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What Sampling Methodology Means in Phone Research

So you want to field a phone study?  Perhaps you've used this mode in the past, or maybe this is a brand new avenue for your company.  Regardless of whether you are looking to run your first or fifteenth telephone project, the place to start is with sampling methodology. 

Rigid sample management: customer lists, random digit dialing, and more
Before you start, make sure you have the right sample methodology in place for your phone research

Many companies still rely on telephone data collection for the benefits it offers that more recent modes do not, such as interviewer intervention for richer open-ended response collection, the ability to reach specific population subsets that may be less attainable via the Internet, and the ability to interview customer databases where no email addresses are available.

The sample and sampling process comprise the bedrock upon which the quality of the data collection depends.  As the old expression goes, "garbage in, garbage out."

There are multiple sources available for telephone samples, such as: customer lists, business-to-business databases, RDD samples (random digit dialing), address based samples (respondents are reached both through telephone and non-telephone approaches, such as mail or web), wireless samples (cell phone numbers, which must be called without the benefit of a predictive dialer), and demographically targeted lists.

The type of study conducted will dictate the most appropriate form of sample that should be used. Two of the most commonly used sample types are RDD and customer lists.

Characteristics and benefits of RDD:

  • RDD is defined as a list of randomly configured 10 digit numbers that but also may be non-usable numbers such as dedicated fax lines, business numbers, non-working numbers, etc.
  • It is the cheapest option for purchasing sample, at pennies per phone number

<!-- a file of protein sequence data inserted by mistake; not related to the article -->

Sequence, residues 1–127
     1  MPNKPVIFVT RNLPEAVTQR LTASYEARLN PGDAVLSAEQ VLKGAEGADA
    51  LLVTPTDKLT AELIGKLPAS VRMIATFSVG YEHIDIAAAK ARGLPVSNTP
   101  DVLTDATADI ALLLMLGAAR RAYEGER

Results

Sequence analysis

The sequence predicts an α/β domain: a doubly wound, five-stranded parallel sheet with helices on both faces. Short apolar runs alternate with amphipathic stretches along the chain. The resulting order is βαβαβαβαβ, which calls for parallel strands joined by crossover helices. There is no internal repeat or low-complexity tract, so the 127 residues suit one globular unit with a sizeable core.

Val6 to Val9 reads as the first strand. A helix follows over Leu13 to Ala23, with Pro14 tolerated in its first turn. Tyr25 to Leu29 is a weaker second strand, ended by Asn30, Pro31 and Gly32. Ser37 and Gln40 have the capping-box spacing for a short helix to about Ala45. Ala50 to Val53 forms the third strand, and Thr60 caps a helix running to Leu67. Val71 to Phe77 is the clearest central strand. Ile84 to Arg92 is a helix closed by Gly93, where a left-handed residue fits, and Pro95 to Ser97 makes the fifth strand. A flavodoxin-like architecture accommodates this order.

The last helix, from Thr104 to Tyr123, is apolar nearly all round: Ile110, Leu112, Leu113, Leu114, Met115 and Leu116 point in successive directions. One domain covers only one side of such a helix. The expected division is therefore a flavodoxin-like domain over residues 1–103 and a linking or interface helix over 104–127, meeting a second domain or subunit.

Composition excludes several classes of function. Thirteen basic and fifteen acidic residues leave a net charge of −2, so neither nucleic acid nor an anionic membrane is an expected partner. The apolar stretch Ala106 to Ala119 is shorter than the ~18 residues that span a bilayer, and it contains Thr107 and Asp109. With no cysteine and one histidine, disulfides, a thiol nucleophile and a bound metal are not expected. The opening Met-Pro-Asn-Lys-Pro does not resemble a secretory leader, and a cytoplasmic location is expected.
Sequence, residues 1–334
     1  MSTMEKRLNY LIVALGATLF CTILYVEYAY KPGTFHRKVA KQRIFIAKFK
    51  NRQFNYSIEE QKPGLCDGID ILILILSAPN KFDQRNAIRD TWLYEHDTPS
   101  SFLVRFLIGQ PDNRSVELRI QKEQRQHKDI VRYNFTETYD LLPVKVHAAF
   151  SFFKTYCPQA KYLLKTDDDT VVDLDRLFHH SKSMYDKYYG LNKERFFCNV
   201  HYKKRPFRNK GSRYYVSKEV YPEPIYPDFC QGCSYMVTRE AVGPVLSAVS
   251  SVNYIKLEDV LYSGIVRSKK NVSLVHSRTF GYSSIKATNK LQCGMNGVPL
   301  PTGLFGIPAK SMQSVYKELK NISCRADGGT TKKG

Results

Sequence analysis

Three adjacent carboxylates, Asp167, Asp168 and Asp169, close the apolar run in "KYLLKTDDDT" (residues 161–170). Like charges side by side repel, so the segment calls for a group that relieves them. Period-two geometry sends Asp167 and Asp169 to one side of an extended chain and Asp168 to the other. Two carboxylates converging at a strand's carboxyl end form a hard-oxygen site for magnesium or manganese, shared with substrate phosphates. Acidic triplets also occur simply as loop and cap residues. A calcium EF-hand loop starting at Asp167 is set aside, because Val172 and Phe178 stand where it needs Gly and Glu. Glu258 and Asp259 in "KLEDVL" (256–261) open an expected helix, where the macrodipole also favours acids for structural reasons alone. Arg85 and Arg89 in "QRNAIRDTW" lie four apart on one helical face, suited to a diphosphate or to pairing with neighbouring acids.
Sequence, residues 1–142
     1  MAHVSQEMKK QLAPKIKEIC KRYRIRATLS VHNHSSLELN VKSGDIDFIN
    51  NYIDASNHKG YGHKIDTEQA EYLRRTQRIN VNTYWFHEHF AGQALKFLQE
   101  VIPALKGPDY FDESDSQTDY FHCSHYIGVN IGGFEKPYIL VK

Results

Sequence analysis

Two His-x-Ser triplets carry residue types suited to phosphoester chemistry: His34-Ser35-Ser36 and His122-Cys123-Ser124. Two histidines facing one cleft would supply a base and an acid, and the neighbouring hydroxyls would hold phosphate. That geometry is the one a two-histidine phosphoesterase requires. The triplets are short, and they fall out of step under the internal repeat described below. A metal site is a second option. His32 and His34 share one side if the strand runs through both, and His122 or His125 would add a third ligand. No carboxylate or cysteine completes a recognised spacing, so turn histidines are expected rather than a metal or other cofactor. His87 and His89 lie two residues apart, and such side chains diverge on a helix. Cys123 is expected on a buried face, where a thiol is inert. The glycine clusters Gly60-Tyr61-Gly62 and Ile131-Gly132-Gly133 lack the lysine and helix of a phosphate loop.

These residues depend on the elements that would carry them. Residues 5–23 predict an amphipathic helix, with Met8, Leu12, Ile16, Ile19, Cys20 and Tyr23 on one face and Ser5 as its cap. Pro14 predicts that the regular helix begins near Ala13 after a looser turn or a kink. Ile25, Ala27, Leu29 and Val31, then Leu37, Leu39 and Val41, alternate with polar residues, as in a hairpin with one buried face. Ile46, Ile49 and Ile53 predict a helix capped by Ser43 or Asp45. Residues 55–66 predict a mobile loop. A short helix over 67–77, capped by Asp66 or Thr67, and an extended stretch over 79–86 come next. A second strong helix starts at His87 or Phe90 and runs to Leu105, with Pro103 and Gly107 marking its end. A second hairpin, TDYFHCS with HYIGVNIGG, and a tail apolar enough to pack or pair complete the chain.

• RDD is a good choice for general population studies with higher incidence rates, and non-branded (blind) studies where the client does not wish the survey responses to be impacted by awareness of the project's sponsor
  • When used in conjunction with a predictive dialer to weed out the non-usable phone numbers, an RDD sample can be a very efficient way to reach a broad population

Characteristics and benefits of customer list sample:

  • Customer lists are just that, lists provided by the client containing contact information for their customer base, prospect base, or lapsed customer lists.
  • Customer lists are ideal for reaching the client's customer base for conducting many types of customer research, including customer satisfaction, attrition studies, and more.
  • Customer lists can also be used to obtain appended data (such as age, gender, geographical location) directly from a client database, which offers a deeper view of the study results.
  • In some cases, job performance evaluations for company employees are driven in part by the results of customer satisfaction results. In that scenario, it is critical to be able to tie results back to the employee or store/branch who handles a particular customer's account, something that can be assured by using a customer list that contains transactional/customer-level information of this nature.

The sample type selected for a given study can have huge implications for the success of that study, both financially, and on data quality. 

The budget for the research and the study objectives should be carefully evaluated between client and research provider to determine which approach will best deliver on budget while not compromising the results.

Key questions

Ask yourself the following key questions to determine whether your own customer list or RDD sample is the best avenue for your phone market research project.

  • Do I want to reach my current customers, lapsed customers, or prospects? 
  • Do I already have phone numbers for this group? 
  • Will my research results benefit from the appending of transactional or other customer data that I have available?

If you said yes to some or all of these questions, then your customer list may be the best course. Check with your research provider to be sure.

  • What if I want to reach a large group of people and do not have a large number of qualifying questions? 
  • Am I looking for results that mirror the US population by demographic subgroup such as age, gender, income, etc?
  • Do I need to reach the customers of my competitors as well as my own?

In this scenario, you may be better served by using an RDD list or some other non-customer list based sample source such as an address-based sample. In some cases, your research provider may recommend a combination sample approach to most accurately and precisely reach your targets.

9 questions to ask your market research department